In Europe, offshore wind energy is following in the path of onshore wind energy

Wind energy harnesses the driving force of the wind and transforms it into electricity. In the present period of energy transition, this increasingly cost-effective renewable may well represent the future of energy. Both onshore and offshore, wind energy is establishing itself as a trend, particularly in Europe. We take a closer look.

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With 90% of total installed capacity worldwide and more than 3,200 offshore wind turbines connected to the grid in 2015 (1), Europe leads the world in offshore wind power. The United Kingdom heads the field, with 46% of global installed capacity in 2015, followed by Germany (30%) and Denmark (11.5%).

Wind energy in Europe, unquestionable growth

The figures speak for themselves: an additional 6.1 gigawatts (GW) of wind energy was installed in Europe in the first half of 2017 (2). This includes 4.8 GW of onshore wind capacity and 1.3 GW of offshore capacity (chiefly fixed-bottom turbines).

What reasons lie behind this popularity? Production costs are falling, profitability is rising, and consumers can be supplied with green, locally produced energy.

ENGIE commits to offshore wind power

Offshore wind power is therefore one of the main trends in the energy transition. Increasingly competitive, it could produce up to twice as much energy as onshore wind power.

ENGIE has decided to focus on this sector of renewable energy through several large-scale projects in Europe. One example is a contract awarded in September 2017 to ENGIE and EDP Renováveis (EDPR) in the United Kingdom, as members of the Moray Offshore Windfarm (East) Ltd joint venture. By 2022, they will develop an offshore wind farm off the northeast coast of Scotland with a capacity of 950 MW, equivalent to the consumption of more than 950,000 British households.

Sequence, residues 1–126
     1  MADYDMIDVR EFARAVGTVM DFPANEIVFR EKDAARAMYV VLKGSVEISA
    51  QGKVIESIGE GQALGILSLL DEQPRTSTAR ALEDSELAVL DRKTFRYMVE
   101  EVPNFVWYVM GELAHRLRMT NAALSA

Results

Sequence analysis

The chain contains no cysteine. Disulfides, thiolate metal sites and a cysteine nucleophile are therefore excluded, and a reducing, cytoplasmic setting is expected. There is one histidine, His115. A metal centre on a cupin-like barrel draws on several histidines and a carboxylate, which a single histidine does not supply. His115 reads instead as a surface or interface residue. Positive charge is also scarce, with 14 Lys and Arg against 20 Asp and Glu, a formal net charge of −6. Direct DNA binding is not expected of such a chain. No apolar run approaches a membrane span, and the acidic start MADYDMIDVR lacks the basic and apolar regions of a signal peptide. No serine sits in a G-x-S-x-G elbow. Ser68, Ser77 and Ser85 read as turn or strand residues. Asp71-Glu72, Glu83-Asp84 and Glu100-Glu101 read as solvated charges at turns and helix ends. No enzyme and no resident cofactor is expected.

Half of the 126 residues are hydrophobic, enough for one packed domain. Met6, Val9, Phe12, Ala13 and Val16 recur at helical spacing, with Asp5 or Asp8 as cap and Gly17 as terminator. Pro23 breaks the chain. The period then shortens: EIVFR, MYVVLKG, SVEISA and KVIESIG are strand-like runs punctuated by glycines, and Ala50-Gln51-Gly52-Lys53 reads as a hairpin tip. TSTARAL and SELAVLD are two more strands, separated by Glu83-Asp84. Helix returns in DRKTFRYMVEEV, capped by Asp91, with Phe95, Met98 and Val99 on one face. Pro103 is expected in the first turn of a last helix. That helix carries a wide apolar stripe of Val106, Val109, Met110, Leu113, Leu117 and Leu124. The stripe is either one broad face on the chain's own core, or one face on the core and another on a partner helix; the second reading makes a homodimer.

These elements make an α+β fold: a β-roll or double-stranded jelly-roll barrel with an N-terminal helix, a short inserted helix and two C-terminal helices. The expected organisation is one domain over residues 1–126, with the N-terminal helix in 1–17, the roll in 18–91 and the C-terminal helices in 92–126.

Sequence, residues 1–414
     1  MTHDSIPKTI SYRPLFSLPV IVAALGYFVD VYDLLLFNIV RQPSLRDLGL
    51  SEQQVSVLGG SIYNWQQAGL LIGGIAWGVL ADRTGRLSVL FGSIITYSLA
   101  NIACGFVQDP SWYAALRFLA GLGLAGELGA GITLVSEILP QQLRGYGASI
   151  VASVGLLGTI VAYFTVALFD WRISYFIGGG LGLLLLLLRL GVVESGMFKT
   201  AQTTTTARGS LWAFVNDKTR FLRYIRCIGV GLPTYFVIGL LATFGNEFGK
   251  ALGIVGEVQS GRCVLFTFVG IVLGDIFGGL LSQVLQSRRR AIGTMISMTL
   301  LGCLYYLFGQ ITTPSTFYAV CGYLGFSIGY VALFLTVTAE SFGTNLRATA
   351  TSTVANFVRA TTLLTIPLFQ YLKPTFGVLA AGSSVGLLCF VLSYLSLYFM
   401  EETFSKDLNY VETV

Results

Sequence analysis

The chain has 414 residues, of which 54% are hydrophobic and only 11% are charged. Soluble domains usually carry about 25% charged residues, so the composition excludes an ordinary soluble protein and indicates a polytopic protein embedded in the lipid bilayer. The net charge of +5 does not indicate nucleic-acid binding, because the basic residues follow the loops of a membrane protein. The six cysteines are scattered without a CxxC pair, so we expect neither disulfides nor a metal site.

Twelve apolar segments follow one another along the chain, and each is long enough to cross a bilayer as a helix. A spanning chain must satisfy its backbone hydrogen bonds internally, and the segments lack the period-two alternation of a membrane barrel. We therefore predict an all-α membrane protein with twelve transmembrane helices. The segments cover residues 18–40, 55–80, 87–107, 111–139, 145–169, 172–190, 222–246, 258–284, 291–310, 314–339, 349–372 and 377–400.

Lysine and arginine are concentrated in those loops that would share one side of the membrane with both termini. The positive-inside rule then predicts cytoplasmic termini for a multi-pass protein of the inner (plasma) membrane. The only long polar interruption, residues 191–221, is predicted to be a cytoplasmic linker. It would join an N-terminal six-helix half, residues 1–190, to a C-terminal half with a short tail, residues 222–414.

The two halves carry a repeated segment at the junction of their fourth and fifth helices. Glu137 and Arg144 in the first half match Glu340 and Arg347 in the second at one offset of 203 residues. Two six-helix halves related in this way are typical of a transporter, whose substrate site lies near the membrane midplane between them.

The electricity will be priced at £57.50 per megawatt hour (3), which is very affordable, showing the growing competitiveness of the wind sector and encouraging the expansion of offshore wind generation. There are multiple reasons for this success, including technological maturity, economies of scale, shared maintenance costs, etc.

ENGIE is carrying out other projects in France, Belgium and Portugal:

  • In France, a consortium consisting of ENGIE, EDP Renewables and the Caisse des Dépôts is developing two wind farms with fixed-bottom turbines, one off the coast of Dieppe and Le Tréport and the other close to the islands of Yeu and Noirmoutier. Both wind farms, which will provide total capacity of approximately 1,000 MW, are due to be commissioned in 2021. At Leucate, off the Mediterranean coast, ENGIE, EDP Renewables and the Caisse des Dépôts, along with their industrial partners Eiffage, Principle Power and General Electric, are carrying out a pilot floating wind farm project, which was selected by the French government as part of its call for floating wind farm projects. By 2020, four 6 MW wind turbines will be installed on semi-submersible floating platforms. France should possess a total capacity of 3,000 MW of offshore wind capacity by 2023, and it has announced up to 6,000 MW of new projects by the same date.
  • In Belgium off the North Sea, ENGIE is involved in the Mermaid project, which aims to construct 66 wind turbines with a total capacity of roughly 250 MW by 2020.
  • ENGIE is also active in Portugal for the development of floating wind turbines in Europe through the WindFloat Atlantic project, in partnership with EDP Renewables, Mitsubishi Corporation, Chiyoda Corporation and Repsol. A wind farm comprising three or four turbines with a total capacity of 25 MW should be constructed by 2018.

(1) Données économiques maritimes françaises, Ifremer, August 2017.
(2) WindEurope, July 2017.
(3) A price up to 50% lower than the prices of the first auction in the United Kingdom in 2015.

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